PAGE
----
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The Secret of Logitech's Success

By Lisa Gill
Oct 11, 2002 4:51 PM PT

In a sea of drowning tech companies, Logitech's (Nasdaq: LOGI) is an unlikely story -- one of profit, promise and seemingly unlimited potential. The Fremont, California-based peripherals maker is flush with cash, having homed in on a market where the sky is the limit at a price point that defies recessionary pressures.

The Secret of Logitech's Success

How has the company been so successful in an incredibly tough economy?

Logitech specializes in wireless optical mice and keyboards, Webcams, PDA keyboards and game console attachments. It counts Microsoft, Creative Technology and Philips Electronics among its rivals. With sales of US$944 million in fiscal 2002 -- 28 percent more than in fiscal 2001 -- the company's balance sheet is firmly in the black.

The 22-year-old company's recent success can be attributed to consumer demand for peripherals, driven not only by a fondness for entertainment and utility, but also by a desire to capitalize on home computer purchases made in the last several years.

"You probably don't need the next Pentium chip. Your software is running fine. But to make the experience -- the interface part of it -- easier to use or more convenient and to get rid of a clunky cord, people will spend $50," Logitech chief financial officer Kristen Onken told the E-Commerce Times.

Peripherals of Promise

Indeed, a Forrester Research survey of more than 9,000 consumers this year found that while PC purchases are at an all-time low, computer use has reached its highest levels to date, with peripheral purchasing directly benefiting. For example, Webcam sales rose 36 percent this year, and sales of digital still cameras jumped 64 percent.

"We're seeing the evolution of the PC to be a more flexible machine," Forrester analyst Jed Kolko told the E-Commerce Times.

Even more promising for Logitech is that products like Webcams and digital cameras remain far less common than standard peripherals like printers and scanners. The company's numbers show that both Webcams and wireless peripherals have reached about 5 percent of the PC market. Logitech sees those figures as a sign that "there's a lot of room for growth," Onken said.

Attractive Price Point

Another factor that has made the peripheral space attractive to consumers is a price point that Logitech CEO Guerrino De Luca has described as "below the check-with-the-spouse threshold," according to Onken.

"When you have a recession, large-ticket items tend to fall on the back burner. It's not that [consumers] don't purchase, but they still want the pleasure of buying something new," Giga Information Group research fellow Rob Enderle said. "They just can't afford something expensive."

And Onken noted that because Logitech's products have a relatively long shelf life compared with PCs, the company can keep manufacturing costs low. The company produced more than 95 million units last year, so lower costs can add up to significant savings and higher profit margins. In addition, because the retail price for its products tends to remain steady, margins increase even more.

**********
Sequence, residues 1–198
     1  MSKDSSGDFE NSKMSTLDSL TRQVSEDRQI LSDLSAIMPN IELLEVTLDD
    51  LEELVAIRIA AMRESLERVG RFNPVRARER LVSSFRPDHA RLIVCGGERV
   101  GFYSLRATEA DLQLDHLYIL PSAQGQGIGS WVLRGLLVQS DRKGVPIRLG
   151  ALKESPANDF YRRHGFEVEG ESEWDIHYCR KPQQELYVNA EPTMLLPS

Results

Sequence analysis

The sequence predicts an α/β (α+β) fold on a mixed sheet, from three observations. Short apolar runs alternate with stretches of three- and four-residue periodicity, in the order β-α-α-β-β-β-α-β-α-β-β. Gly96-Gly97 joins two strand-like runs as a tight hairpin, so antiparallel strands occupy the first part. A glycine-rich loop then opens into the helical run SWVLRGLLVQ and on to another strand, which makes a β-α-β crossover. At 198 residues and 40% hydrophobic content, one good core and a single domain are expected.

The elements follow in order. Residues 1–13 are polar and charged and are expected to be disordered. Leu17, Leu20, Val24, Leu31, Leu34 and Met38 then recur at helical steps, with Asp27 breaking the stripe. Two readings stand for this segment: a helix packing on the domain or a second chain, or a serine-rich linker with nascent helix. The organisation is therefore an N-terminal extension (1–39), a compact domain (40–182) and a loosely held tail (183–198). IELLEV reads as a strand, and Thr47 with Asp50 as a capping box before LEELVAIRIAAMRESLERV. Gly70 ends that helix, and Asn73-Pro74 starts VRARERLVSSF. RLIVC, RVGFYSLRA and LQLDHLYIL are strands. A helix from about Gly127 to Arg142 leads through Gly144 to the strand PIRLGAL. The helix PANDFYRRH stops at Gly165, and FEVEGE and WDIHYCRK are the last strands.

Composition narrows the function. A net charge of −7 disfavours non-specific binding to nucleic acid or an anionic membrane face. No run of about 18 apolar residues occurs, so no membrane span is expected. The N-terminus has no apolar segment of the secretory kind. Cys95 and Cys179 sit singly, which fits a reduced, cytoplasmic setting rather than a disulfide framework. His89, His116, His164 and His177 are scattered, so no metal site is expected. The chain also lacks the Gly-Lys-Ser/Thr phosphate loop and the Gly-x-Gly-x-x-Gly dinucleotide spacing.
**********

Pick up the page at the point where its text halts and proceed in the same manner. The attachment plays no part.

"A year and a half ago, we introduced the first cordless optical mouse, and at that time it sold for $69," Onken noted. "Eighteen months later, we [are] still selling it for $69."

Products Step Ahead

While at first glance it might seem that a keyboard-and-mouse company founded in 1981 would have struggled when PC makers began to ship those components as a standard part of new computer bundles, Logitech said keyboards and mice remain its primary growth drivers.

"In the last 12 years, our mouse business has been growing double digits year after year in the retail space," Logitech senior vice president of worldwide sales and marketing Marcel Stolk told the E-Commerce Times.

Stolk explained that 85 percent of Logitech's sales are generated by retail outlets, while just 15 percent stem from OEM partnerships. But he said that until the late 1980s, the OEM business outpaced retail. At the time, "we thought our retail business would be dead in a couple of years because every PC [would] have a mouse."

Standard vs. Frills

Instead, Stolk said, OEMs found that PC prices were critical for consumers, so they continued shipping PCs with standard mice and keyboards. Logitech's response has been to keep its retail products a step ahead of those offered by its OEM partners, leaving room for consumer upgrades of components like optical wireless mice and keyboards.

In addition, the quality of the company's products also has helped propel it to the top of its class. "They are pretty close to best of breed," IDC director of client computing Roger Kay told the E-Commerce Times. Specifically, he cited well-designed ergonomic products as well as failure rates that are notably low.

Profitable Acquisitions

Logitech's expertise in at least two areas has not been developed in a vacuum. Two key acquisitions -- a $25 million purchase in 1998 of camera maker Connectix and a buyout 18 months ago of Labtec -- have propelled the company to dominance.

Onken noted that the company continues to look for other acquisition targets in hopes of buying its way into another major market. "Every week we review companies to see if could we buy something that will be our next growth driver, like how we bought the camera business. Could we duplicate that?"

In the near future, however, such purchases look unlikely. "We're our own worst enemy," Onken said, "because nothing meets the standards we set for ourselves."


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